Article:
Mr Mikhail Saakasvilli has double nationality. He is both Georgian and Ukrainian. From 2004 till 2013 he acted as President of Georgia and rose to worldwide fame when Russia invaded Georgia in 2008 and he sent his army to fight them.
In the European film about that event, called ‘Five days of War’, he was played by Andy Garcia.
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As from 2014, Mr Saakasvilli has left Georgian politics to re-enter his ‘second‘ home country Ukraine where he was governor of the Odessa province from May 2015 till November 2016. As from 2017, he has started to focus on a new role. Leader of the opposition in Ukraine.
President Poroshenko realized very well the danger Mr Saakasvilli poses, and had him therefore stripped of his Ukrainian citizenship, making him in essence a stateless person.
Since this week, he has been able to convince his followers to rise up against a never-ending stream of corruption in Ukraine. For this reason, a large group of several thousands of protesters set up camp (complete with tents, food stalls and a hospital) in central Kiev, not far from the famous Maidan square, territory of the revolution of 2014.
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"It is time for them to hear us," Mikhail Saakasvilli told the crowds, as they started fighting with riot police soon (Three protesters and one police officer were injured during the clashes).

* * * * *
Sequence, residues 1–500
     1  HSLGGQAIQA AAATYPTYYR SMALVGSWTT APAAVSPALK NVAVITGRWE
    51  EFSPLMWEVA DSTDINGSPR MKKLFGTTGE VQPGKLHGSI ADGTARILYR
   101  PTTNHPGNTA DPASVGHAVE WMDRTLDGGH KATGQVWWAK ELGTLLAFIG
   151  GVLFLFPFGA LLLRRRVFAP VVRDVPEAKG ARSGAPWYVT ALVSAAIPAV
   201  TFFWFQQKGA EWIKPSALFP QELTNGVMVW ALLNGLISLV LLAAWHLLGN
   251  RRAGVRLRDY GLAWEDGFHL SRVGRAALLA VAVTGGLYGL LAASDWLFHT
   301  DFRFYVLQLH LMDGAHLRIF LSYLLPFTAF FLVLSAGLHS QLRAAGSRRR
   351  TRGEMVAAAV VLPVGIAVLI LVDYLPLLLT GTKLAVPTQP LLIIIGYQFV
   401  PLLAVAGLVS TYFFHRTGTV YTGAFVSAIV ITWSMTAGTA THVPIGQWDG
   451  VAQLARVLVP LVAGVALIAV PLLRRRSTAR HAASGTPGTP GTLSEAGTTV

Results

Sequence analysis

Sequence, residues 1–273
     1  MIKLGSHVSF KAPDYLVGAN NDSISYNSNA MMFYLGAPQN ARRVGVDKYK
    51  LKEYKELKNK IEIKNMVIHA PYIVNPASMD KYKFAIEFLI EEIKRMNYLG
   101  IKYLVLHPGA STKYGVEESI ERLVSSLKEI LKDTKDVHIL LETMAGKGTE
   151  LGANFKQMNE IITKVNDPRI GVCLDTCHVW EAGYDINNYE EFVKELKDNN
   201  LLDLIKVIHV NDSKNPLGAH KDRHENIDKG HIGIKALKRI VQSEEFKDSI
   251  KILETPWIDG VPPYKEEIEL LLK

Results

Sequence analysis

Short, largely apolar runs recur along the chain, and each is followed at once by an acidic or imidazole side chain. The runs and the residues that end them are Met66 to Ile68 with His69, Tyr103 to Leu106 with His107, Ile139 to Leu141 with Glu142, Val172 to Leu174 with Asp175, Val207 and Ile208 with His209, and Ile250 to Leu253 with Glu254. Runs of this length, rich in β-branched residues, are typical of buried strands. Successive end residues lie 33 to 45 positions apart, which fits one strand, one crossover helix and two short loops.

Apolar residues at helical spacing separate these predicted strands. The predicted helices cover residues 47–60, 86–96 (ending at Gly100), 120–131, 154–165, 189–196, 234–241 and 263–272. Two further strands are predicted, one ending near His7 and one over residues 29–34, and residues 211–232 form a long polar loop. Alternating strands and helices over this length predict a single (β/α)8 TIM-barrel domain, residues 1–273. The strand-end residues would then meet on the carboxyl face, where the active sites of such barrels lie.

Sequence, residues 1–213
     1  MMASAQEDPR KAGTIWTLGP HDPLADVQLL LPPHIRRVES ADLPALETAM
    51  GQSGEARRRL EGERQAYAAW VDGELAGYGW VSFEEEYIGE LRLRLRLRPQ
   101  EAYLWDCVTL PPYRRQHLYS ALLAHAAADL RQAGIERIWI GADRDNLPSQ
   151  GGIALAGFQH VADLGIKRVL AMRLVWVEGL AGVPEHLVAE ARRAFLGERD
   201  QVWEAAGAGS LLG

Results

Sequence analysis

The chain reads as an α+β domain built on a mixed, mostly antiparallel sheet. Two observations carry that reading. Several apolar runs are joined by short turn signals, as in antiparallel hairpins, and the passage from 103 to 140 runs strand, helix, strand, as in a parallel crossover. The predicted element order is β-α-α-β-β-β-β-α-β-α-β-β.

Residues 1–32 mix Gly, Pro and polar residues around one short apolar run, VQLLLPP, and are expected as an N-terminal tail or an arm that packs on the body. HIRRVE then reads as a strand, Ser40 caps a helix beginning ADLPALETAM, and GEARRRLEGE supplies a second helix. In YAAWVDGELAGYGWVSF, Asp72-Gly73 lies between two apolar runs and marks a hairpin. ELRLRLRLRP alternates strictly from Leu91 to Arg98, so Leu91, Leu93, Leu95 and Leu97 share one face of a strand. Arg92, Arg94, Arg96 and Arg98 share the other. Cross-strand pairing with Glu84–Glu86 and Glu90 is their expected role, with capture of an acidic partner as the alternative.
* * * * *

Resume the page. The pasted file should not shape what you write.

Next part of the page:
Mr Saakasvilli claims that Mr Poroshenko should resign if he fails to meet the protesters’ demands, which are calling for lawmakers protection to be stripped so they can be prosecuted for corruption.
<blockquote class="twitter-video" data-lang="en"><p lang="en" dir="ltr">The scene outside Ukraine's parliament this evening. Tents being put up. Police watching on. <a href="https://t.co/u3V8n7rX2O">pic.twitter.com/u3V8n7rX2O</a></p>— Jonah Fisher (@JonahFisherBBC) <a href="https://twitter.com/JonahFisherBBC/status/920311732874174465?ref_src=twsrc%5Etfw">October 17, 2017</a></blockquote>
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The former Georgian President continued: “As long as Poroshenko is in power, there will be progress and no fight against corruption, and there will be poverty, humiliation and emigration. Four years after the EuroMaidan the truth should finally prevail over lies – that is, we should triumph over Poroshenko.”
Already the internationally gathered press wonders whether there could be a new Maidan protest in the making.